Went through therapy, started being happy again. So I lost a lot of weight, somewhere between 30 and 40 pounds. I did it fairly healthily, in fact, I didn't even think about it. It just happened. After I was healthy emotionally, the pounds just sort of fell off.

But I still have these days. I still compare myself to every woman I come in contact with. "Is my butt way bigger than hers? My thighs are huge compared to hers." I still see women in magazines and on television and feel sad and angry that my hips just don't look like theirs. I still feel very, very bad about my body on some days. I don't know if I have more of these days when I'm tired or stressed, or if they come and go with the wanings of estrogen, but they still happen.

Lately I've been reading women's blogs where they just announce, THIS IS WHAT I WEIGH AND THAT IS OKAY. I didn't think I could ever do that, but I'm going to now:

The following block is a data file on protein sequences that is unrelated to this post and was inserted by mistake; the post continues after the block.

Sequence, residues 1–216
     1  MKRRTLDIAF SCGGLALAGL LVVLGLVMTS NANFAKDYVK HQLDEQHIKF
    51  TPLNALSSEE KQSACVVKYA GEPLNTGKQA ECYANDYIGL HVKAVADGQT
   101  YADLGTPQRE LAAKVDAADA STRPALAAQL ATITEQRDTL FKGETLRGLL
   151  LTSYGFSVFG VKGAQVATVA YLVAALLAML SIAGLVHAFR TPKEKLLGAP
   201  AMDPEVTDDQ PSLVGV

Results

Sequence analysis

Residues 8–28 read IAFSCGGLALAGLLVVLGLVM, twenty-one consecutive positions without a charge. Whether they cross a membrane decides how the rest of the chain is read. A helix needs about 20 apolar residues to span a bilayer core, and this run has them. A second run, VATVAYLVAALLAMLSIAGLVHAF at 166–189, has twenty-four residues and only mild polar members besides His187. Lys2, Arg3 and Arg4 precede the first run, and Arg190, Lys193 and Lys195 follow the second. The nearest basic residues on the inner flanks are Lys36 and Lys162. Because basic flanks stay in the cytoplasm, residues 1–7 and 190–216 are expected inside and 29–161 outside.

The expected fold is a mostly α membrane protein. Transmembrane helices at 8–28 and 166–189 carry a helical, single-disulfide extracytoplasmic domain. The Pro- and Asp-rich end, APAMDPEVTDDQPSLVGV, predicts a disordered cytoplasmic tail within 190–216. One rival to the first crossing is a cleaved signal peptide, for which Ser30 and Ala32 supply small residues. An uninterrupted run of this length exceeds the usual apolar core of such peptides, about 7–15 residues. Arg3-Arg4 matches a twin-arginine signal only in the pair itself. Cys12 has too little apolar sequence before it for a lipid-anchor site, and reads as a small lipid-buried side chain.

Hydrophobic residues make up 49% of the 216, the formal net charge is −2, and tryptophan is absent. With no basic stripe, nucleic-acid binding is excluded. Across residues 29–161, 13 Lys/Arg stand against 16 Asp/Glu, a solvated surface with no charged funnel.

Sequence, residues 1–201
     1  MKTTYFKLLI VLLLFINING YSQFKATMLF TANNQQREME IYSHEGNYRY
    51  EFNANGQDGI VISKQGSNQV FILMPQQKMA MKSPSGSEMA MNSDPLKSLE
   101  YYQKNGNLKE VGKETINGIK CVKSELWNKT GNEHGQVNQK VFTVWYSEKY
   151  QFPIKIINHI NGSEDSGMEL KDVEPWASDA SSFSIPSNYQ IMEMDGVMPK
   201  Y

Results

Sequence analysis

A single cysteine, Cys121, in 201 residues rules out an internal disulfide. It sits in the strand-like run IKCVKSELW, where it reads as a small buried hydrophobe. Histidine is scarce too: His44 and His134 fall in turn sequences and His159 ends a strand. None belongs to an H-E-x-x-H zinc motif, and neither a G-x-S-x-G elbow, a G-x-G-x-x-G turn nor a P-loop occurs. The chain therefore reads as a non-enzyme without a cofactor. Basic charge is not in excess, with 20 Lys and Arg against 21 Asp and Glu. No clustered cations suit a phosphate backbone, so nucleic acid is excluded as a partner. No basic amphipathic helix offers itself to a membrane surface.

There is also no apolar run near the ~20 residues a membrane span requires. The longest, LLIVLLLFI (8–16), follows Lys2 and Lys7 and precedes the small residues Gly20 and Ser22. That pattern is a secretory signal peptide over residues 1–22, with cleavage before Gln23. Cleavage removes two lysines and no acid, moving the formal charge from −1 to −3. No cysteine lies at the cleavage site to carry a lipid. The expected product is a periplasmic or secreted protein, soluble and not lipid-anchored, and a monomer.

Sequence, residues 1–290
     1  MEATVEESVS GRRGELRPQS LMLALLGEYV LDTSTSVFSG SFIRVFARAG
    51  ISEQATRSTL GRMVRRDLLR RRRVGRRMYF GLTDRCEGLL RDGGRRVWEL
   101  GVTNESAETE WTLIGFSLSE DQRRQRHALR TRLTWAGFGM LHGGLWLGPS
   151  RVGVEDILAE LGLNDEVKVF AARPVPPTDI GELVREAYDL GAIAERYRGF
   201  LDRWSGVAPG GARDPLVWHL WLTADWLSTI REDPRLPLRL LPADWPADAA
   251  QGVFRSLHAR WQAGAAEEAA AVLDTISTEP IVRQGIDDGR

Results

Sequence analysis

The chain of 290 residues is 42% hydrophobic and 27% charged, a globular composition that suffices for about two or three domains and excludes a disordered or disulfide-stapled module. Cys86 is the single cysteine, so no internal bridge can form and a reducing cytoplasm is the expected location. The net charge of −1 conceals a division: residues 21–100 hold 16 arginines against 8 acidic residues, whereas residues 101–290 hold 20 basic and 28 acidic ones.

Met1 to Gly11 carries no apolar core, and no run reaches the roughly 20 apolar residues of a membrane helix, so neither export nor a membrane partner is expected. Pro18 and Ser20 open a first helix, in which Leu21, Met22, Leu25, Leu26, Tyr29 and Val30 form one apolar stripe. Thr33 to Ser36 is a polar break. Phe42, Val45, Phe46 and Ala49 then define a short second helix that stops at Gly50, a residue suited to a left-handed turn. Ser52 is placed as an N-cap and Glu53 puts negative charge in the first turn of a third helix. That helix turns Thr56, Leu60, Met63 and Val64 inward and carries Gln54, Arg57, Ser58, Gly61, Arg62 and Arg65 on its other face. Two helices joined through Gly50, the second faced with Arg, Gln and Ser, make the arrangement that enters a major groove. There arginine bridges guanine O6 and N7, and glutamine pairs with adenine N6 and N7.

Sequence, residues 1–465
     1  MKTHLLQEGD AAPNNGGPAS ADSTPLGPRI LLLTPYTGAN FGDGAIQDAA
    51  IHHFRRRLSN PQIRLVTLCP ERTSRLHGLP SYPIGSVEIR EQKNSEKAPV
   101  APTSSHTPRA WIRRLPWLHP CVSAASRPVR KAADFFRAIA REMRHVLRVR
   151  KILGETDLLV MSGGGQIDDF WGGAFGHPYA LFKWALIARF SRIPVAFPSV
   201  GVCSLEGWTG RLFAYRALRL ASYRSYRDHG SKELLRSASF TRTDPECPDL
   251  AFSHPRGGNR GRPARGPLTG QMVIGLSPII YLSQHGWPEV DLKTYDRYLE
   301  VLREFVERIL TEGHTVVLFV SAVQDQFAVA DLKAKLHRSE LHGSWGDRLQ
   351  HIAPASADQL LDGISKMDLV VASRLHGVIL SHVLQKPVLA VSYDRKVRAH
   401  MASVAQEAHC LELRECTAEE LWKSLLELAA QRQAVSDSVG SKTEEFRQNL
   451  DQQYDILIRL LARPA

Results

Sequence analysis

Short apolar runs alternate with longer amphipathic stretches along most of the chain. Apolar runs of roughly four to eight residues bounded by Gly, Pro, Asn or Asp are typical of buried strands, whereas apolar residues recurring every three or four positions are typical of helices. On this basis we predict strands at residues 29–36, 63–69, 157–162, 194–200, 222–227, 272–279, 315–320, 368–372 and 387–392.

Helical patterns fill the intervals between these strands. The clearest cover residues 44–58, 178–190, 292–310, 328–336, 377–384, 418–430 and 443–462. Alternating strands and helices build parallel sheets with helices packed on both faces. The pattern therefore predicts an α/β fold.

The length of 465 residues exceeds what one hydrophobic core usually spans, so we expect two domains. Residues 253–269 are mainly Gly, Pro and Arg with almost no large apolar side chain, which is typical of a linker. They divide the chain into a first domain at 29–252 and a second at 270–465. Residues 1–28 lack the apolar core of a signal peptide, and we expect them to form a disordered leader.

I'm just about five feet four and I weigh 142, give or take two or three or four pounds. I wear a size five or size seven jeans, but I also have some elevens. My dress size is small or extra small, sometimes my top size is large or extra-large.

A woman's blog I read described the feeling of doing the above as something like "Unnnrggggh."

Yes. She was right. But there it is.

I think, more than I hate my hips, I hate the way I see my hips. More than I hate my arms, I hate the distorted view I have of my arms. I am not fat, but I see myself as the fat girl.

I am running to be stronger and healthier, not to lose weight. Why do I feel so differently about food? Why can't I also just "eat to be stronger and healthier, not to lose weight"? How can I stop the distortion? When will I be able to see myself and my body for what it is? How can I stop comparing myself to everyone and just love the good parts about my body? Why can't I just be comfortable in my own skin?